seafrontiersman Mirages in wintertime near shore can make a hilly headand seem like the Rocky Mountains and make large ships in the distance seem like little toy boats.

On New Years day I was sailing in the St. Johns River just below Green Cove springs and the bridge going across the river appeared to dip UNDER the water!

Wicked cool!
01-30-2011 06:20 AM
HVVega
Strange sightings at sea

Great thread thanks for starting it. OK here we go:

"A Buoy floating in the middle of the atlantic Ocean. No idea what harbor it once guarded or came from".

I was skippering one of the tall ships in the 1982 tall ship races when one morning the deck watch reports that we were arriving at the marker. Hummmm .... thinks I, were in the middle of no where here. We were well off the Florida coast about the level of Cape Kennedy. Went up on deck and sure enough there was a bright red - lit - buoy with a big number 4 on it around three stories tall about 100 meters off our port side. We watched it for a while then I marked its position to report it later. Wonder if it was the same one? I'll post a few more over the next few days.
01-29-2011 12:30 PM
GeorgeDog
Quote:
Originally Posted by DustyM View Post
GeorgeDog, you guys must have been a LONG way from the boat if the sunset caught you by surprise, considering twilight lasts about a month up there.
I've wondered over the years why my impression at the time was of a fast fading light. It could have been as simple as the light levels started dropping quickly when the last of the sun dropped below the horizon and we thought we had to hustle. Since there was nobody in the group with experience in polar sunsets (and I mean right at the pole) we wouldn't have known that it would be twilight for longer than the hour you get back home. We learned some other things the hard way when we first hit the ice do to lack of experience (not suitable for discussion here). While memories are sketchy at this point the one thing I remember clearly is the sudden realization that the sun was not coming back when the last bit winked out.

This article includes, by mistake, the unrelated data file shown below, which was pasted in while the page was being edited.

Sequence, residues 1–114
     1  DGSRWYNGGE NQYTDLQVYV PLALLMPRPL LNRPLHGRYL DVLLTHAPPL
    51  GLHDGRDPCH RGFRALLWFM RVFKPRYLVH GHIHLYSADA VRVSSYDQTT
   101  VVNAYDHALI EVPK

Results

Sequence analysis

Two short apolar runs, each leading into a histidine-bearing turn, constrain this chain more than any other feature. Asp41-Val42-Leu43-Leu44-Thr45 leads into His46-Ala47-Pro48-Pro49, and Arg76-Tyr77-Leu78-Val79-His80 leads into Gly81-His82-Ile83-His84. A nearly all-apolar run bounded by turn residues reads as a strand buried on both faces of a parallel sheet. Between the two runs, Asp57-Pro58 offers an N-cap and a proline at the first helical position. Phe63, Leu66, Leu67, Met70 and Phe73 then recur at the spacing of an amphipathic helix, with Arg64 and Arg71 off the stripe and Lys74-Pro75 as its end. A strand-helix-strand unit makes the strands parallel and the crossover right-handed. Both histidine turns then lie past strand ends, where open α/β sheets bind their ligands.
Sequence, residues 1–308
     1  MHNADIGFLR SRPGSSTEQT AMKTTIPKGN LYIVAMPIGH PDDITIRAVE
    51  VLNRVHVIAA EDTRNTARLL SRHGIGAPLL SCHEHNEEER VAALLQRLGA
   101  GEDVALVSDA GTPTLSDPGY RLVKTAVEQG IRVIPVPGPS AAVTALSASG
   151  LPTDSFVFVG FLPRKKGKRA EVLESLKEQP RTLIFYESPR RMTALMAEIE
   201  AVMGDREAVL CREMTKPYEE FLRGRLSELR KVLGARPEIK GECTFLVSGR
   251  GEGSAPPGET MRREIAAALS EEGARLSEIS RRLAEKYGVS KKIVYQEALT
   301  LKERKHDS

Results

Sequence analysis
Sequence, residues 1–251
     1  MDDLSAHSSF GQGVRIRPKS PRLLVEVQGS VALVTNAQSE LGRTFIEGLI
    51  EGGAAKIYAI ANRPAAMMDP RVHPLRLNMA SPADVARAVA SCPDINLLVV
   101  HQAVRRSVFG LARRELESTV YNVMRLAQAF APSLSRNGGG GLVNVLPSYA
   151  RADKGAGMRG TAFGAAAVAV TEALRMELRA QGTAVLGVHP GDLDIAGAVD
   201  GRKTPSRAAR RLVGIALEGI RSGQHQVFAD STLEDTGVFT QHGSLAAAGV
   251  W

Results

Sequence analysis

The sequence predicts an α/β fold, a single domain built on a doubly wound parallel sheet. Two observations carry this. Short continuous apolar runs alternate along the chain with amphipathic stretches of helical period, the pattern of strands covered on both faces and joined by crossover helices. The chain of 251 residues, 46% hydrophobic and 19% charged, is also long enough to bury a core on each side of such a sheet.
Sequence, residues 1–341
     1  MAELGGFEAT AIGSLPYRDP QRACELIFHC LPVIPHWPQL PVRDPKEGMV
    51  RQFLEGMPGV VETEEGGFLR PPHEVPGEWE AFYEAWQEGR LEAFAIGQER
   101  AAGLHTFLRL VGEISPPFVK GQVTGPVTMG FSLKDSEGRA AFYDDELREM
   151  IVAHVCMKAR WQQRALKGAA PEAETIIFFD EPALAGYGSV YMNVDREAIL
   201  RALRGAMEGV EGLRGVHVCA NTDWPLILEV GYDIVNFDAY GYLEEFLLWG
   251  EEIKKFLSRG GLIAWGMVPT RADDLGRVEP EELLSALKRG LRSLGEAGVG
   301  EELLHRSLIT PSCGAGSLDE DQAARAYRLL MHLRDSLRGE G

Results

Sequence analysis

Quote:
Originally Posted by DustyM View Post
And I wish you'd have taken some pictures of that California Sea Lion you describe at 90*N.
/Damned biologists
//Spent 5 years on the ice studying seals
I don't have any in my pictures but I'm in contact with some of the guys over on Facebook so I'll ask if they do. One of them did post a pile of pictures of that trip and I kept wondering how come I wasn't in a single shot. Months later I was going through a shoebox and found the originals. I completely forgot I had taken the pictures and given him copies.

California Sea Lion seems like a fancy name for something that looked like an ordinary seal but I'll take your word for it. He was incredibly tame though. He walked (is that what you call it?) up the back of the boat and was perfectly happy hanging out with the crew topsides. The best part was his expression when he'd put his ear to the deck and listen.

Of course this was the cruise that we ran out of coffee two weeks after leaving port for a 70 day plus mission so it's entirely possible that all of this was a hallucination.
01-29-2011 11:58 AM
DustyM GeorgeDog, you guys must have been a LONG way from the boat if the sunset caught you by surprise, considering twilight lasts about a month up there.

And I wish you'd have taken some pictures of that California Sea Lion you describe at 90*N.

/Damned biologists
//Spent 5 years on the ice studying seals